The article below is authored by Christian Wentz, the founder, and CEO at Gradient.
Today we’re announcing Gradient: a full-stack infrastructure for high-performance, secure, and privacy-preserving distributed systems — from cloud-scale computing and storage to the simplest of connected devices.
At Gradient we see a world in which the authenticity and integrity of every electronic device, the software it operates, the data it stores and computes, and the information itself, are provable qualities by construction, not by trust in a third party.
For the better part of the last year, we’ve been working with veteran hardware engineers from leading chip manufacturers, former NSA cryptographers, distributed systems engineers, and top academic researchers to take a first principle re-assessment of what it means to build secure and privacy-preserving distributed systems — and critically, how to achieve these features while delivering meaningful performance, with energy efficiency sufficiently great that it can also be implemented in the lowest power devices (think operation at microwatts, not just kilowatts).
The impetus for our project was simple: distributed ledger technologies (DLTs) present an unrealized possibility to drastically reduce the cost of trust , enabling fundamental new opportunities in computing, logistics, healthcare, machine learning / AI model and dataset provisioning, provably honest and efficient financial exchanges, and more — in the limit, these represent an opportunity to completely re-architect the web, as its original creators are now proposing. But, these possibilities are unrealized today because the cost of this decentralization is prohibitive. Any distributed ledger we are aware of is many orders of magnitude less performant (in terms of effective instructions/second) than the native compute power inside whatever device you’re reading this on. The same is true for financial settlements and payments.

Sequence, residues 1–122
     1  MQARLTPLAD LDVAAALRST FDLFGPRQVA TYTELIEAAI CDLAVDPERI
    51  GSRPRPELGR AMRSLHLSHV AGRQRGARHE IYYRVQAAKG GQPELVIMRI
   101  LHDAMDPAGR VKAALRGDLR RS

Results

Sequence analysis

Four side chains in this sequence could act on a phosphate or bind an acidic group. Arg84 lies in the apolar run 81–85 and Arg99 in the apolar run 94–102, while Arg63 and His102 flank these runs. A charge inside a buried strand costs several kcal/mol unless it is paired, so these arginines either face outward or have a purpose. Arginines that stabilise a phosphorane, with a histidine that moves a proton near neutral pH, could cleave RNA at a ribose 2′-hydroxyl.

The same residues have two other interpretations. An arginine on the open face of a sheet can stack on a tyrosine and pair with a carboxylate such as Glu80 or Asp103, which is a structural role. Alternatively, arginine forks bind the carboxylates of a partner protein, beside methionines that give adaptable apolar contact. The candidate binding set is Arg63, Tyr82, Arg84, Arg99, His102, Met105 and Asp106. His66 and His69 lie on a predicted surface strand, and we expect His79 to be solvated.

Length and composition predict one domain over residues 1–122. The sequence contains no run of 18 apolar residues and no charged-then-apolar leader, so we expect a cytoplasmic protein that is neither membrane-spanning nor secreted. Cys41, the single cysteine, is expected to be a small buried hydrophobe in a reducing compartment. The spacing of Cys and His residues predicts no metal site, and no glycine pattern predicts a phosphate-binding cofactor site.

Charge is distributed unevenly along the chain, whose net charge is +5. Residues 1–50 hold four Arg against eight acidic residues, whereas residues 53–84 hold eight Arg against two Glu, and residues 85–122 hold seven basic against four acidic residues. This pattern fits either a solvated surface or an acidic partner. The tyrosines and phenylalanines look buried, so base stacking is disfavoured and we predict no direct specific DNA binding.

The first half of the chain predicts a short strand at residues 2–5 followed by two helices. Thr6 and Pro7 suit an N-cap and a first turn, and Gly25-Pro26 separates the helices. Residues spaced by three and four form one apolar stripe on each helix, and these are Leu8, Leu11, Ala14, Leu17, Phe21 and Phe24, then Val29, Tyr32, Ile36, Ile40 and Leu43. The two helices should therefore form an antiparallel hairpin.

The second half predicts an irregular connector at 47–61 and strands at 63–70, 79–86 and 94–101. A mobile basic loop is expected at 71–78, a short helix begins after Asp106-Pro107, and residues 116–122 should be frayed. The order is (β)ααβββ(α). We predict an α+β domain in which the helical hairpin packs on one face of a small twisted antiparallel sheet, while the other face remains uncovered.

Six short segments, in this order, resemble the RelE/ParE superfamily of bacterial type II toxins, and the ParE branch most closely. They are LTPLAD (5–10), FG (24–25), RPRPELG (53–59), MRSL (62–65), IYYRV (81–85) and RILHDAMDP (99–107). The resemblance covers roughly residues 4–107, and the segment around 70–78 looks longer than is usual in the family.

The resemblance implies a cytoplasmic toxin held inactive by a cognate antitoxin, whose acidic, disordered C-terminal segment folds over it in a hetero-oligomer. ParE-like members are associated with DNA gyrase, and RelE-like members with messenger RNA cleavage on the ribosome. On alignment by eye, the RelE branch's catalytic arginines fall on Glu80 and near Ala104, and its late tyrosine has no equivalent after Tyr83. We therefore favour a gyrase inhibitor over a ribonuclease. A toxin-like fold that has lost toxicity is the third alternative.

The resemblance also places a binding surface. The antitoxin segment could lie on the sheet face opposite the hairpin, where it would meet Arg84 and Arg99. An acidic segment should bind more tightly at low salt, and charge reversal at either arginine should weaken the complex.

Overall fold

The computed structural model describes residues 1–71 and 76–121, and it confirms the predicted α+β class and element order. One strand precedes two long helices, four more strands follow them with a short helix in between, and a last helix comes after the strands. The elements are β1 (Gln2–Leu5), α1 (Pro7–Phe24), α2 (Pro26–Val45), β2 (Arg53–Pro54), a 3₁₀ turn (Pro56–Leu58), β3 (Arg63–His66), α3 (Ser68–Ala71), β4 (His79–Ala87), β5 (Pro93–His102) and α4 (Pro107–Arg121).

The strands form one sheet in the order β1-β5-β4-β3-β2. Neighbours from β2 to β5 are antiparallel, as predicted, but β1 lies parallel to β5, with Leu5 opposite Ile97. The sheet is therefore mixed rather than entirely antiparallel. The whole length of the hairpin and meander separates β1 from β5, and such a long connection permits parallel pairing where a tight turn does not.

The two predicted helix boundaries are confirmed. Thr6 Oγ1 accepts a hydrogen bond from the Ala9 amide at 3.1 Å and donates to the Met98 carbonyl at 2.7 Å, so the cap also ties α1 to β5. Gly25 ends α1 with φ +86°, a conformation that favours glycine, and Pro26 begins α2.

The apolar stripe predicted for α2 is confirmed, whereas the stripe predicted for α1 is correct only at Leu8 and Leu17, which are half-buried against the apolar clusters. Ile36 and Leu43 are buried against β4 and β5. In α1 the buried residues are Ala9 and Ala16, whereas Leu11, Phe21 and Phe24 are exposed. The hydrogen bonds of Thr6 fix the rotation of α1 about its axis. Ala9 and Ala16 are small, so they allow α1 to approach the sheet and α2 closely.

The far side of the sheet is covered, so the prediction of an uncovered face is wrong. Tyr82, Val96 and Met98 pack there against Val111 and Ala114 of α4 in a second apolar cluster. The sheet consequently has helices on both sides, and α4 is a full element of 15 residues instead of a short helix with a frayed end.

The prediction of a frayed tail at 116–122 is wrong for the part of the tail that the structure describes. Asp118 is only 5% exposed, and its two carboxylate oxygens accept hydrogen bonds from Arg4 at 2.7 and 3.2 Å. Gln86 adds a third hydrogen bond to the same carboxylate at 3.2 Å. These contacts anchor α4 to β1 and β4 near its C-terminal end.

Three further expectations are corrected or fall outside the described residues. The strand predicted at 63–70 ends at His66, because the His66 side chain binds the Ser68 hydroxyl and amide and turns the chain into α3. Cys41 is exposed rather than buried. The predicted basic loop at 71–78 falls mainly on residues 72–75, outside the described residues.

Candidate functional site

This is not to disparage the work done to date in blockchain technologies — most were not designed for this purpose — rather, to clearly set performance goals of Gradient’s technology. We believe the bar for mass adoption of such technologies is staggeringly high: most users are unwilling to sacrifice much of any convenience for security, privacy, etc.
Gradient’s objective is thus unquestionably an audacious one. Some think our solution is, too.
At Gradient we’ve designed our own secure processor architecture that incorporates the ability to check authenticity of the chip and integrity of the chips’ operation in the silicon itself. What this means for the network, and for other uses, is that the operations of a node running our processor can be effectively “fingerprinted” at any point. We’re building upon the work of collaborators with decades of experience in these areas, and in that spirit, we’re making these designs publicly accessible and auditable, so that security may be formally analyzed and by outside parties. We also aim to foster an ecosystem such that other manufacturers may adopt, and other researchers may participate in the acceleration of this evolution. We aspire to a future in which these properties are ubiquitous across all electronic devices.
On top of this hardware, we’re leveraging state-of-the-art cryptography to create a distributed framework that at its most basic level enables any node in the network to verify the authenticity and integrity of any other node, anonymously, with minimal overhead.